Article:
Them: Hey, can you make it so that nobody can sign up for Amazon SimpleDB?
Me: Um. Yes. Yes, I can do that.
(I suspect that this is not funny to anyone except me, to whom it is hilarious). SimpleDB is a service about which (for some definition of "a lot," "people," and "excited,") a lot of people are excited, so for the first time we've launched a service that you can't actually sign up for yet (go here to see that, indeed, I made it so you couldn't sign up for it) in order to, as far as I can tell, build up the hype first.
I get all of my practice explaining these things these days by telling Mrs. Transient Gadfly about them, so here is the mtg-approved explanation of why SimpleDB is pretty cool. A relational database is a collection of tables of information that are linked in some way. For instance, say (utterly hypothetically) that you teach some level of college. You might want to have some information about your students. You'd create a table called students, with columns like "First Name," "Last Name," "Birthdate," "Address," and so on. You'd also probably want to create some sort of unique identifier, like "Student Id," since different students could have the same birthday, or be identical twins who are both named "Chad" because their parents are debilitatingly insane. Then you'd create a table called "Grades" that has a column for the name of the assignment, the grade on that assignment, and also a column for Student Id to match the grades to the student. This makes your database a relational one--the tables show information, but there's a way to relate them, since the Student Id in the Students table corresponds to the one in the Grades table. Now you can do a query, which involves going to your database and typing things like this:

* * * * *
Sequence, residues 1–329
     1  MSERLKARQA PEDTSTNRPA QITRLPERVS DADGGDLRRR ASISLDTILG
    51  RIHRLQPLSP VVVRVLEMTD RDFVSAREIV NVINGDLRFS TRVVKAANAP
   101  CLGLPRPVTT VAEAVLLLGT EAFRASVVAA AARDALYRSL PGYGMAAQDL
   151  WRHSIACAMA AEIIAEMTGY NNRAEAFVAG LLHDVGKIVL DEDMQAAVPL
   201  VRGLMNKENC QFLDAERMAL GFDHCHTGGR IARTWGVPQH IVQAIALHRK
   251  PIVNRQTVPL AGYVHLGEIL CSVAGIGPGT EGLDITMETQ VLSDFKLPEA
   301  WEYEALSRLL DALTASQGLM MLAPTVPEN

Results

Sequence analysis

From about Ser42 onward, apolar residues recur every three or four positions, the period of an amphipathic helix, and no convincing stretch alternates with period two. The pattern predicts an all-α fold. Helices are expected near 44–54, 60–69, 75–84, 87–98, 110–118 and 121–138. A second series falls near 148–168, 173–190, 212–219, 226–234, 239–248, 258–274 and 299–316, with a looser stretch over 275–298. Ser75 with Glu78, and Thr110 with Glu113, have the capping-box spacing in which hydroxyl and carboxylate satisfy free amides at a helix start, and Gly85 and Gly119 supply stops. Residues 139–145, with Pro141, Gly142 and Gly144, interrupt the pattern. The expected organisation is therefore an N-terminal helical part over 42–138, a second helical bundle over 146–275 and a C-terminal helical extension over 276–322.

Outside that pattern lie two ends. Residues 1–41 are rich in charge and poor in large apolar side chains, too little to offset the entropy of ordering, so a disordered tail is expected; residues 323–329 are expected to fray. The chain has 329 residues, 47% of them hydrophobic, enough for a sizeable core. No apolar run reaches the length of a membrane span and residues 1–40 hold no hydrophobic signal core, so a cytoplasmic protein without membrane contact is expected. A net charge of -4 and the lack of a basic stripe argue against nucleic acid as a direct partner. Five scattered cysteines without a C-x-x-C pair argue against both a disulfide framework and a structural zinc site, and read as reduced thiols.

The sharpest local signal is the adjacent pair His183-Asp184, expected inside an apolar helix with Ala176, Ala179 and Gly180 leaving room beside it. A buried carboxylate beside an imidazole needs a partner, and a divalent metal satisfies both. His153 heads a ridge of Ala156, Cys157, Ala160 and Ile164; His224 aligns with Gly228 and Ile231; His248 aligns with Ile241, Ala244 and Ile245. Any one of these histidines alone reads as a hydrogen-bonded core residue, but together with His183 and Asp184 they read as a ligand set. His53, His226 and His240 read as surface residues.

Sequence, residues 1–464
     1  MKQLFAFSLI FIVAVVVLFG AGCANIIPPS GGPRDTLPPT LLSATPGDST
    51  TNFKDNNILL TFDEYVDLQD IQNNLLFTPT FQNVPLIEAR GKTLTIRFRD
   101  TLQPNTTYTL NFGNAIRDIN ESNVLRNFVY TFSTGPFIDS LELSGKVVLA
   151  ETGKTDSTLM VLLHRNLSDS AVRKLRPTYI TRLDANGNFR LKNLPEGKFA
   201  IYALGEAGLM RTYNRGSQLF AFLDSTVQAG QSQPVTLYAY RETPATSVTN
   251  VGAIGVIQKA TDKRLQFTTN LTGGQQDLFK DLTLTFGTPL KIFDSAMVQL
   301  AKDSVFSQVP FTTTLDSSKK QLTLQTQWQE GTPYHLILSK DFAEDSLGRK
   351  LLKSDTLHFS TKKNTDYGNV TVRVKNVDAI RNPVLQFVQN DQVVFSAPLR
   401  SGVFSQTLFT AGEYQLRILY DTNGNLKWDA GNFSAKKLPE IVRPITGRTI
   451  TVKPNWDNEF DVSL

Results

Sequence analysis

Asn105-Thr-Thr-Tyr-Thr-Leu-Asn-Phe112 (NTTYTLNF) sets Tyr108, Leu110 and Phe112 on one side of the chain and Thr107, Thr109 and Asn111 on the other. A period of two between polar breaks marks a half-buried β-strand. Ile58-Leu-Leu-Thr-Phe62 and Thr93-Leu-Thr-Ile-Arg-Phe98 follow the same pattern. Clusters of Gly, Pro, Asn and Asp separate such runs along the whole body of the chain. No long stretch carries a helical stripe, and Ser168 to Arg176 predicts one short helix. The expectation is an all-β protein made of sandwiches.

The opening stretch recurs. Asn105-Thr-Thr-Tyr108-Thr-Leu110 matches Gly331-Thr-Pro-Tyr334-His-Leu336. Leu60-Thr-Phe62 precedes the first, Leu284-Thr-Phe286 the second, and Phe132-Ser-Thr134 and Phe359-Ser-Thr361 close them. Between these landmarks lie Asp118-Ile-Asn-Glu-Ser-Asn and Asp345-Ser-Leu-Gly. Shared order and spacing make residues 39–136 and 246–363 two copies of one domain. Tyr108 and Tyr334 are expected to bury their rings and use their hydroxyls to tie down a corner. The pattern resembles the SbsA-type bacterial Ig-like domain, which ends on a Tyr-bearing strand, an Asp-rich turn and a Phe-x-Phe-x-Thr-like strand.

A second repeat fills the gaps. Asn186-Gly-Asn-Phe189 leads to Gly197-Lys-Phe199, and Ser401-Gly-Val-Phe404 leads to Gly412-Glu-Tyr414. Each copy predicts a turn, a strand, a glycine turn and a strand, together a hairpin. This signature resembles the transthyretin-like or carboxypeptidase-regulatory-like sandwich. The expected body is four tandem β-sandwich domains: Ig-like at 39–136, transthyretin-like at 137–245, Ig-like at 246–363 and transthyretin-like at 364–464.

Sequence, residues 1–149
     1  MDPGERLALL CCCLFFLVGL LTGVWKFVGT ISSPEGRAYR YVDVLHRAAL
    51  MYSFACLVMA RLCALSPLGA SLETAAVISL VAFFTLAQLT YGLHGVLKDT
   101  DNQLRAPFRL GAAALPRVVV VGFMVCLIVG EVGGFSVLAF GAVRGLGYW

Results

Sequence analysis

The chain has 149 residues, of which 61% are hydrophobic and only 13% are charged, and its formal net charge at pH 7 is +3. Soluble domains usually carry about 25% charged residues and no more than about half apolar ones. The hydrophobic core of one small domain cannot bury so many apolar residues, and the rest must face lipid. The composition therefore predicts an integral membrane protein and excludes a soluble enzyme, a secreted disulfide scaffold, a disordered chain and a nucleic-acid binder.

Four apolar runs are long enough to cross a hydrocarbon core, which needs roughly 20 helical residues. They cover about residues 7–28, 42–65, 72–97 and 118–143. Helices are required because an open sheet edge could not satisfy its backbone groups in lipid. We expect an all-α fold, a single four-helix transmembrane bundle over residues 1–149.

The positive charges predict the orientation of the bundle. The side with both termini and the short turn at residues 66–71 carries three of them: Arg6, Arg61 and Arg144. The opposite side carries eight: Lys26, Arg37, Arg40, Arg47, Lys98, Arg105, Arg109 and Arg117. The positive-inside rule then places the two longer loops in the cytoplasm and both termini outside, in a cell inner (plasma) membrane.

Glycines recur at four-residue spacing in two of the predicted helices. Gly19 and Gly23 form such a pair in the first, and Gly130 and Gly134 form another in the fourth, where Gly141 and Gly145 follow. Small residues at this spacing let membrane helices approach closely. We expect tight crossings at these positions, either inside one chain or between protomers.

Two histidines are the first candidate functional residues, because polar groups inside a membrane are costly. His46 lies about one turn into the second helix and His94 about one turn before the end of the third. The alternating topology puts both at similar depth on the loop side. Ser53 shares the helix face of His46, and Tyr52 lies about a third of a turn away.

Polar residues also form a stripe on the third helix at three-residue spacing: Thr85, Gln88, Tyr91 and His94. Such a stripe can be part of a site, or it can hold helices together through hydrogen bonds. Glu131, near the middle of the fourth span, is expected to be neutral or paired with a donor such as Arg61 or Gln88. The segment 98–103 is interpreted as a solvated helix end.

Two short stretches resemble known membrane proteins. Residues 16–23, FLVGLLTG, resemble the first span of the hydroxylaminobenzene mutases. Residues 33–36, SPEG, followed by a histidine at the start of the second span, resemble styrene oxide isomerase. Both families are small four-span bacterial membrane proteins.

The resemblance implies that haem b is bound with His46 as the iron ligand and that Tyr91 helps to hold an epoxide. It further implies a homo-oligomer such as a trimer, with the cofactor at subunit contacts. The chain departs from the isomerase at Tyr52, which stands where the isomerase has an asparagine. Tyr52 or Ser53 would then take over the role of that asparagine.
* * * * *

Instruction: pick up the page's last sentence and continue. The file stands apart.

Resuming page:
select s.first_name, s.last_name, g.letter_grade from students s, grades g where s.student_id = g.student_id and g.assignment_name = 'response paper 1';The query above a simple example of "SQL" ("Structured Query Language," pronounced, "Sequel,") and it's the standard language used for getting information out of relational databases . Both humans and computer programs that want information from this kind of database use it, it's pretty flexible and you can do a lot of things with it. Also, it's more or less a sentence: you can read it and, while you might not quite speak that language, you can get the gist of what it says.
Trying to run a database like this has a lot of problems, where "has a lot of problems," is code for, "costs a frickin' crapload of money." First of all, you usually have to get somebody to design one for you, for a definition of "somebody" equal to "a person who makes upwards of $150 an hour...."
Calvino: Do you think TG is over-using this, "noun, for a defintion of noun that equals something different than the generally accepted definition of noun" construction?
The Stoat: Yes, for a definition of, "yes," that means, "the fall of Roman Imperialism."
...followed by the cost of the hardware and the cost of maintaining it and keeping it backed up for when your server's hard drive dies, all of which tends to be expensive. So while there's pretty much no way to get around this general headache and cost if you happen to be a large and/or complicated organization, it's a kerfuffle of a problem for small-to-medium businesses that need to keep relational data and run queries, one which has, in the past, led otherwise perfectly sane people to use Microsoft Access.
Much like Amazon S3 lets you offload the responsibility of making sure your data is correctly backed up and always available over to Amazon, Amazon SimpleDB does the same thing with your database. SimpleDB doesn't reach the complexity of a relational database that you'd query via SQL, but in this case that might be a good thing. It doesn't require you to employ a database administrator, and you don't have to worry about your server crashing. As with all Web Services, it's limited in speed by the pipe you have going from your machine to the interwebs, but for small to medium applications that's not really a problem anymore.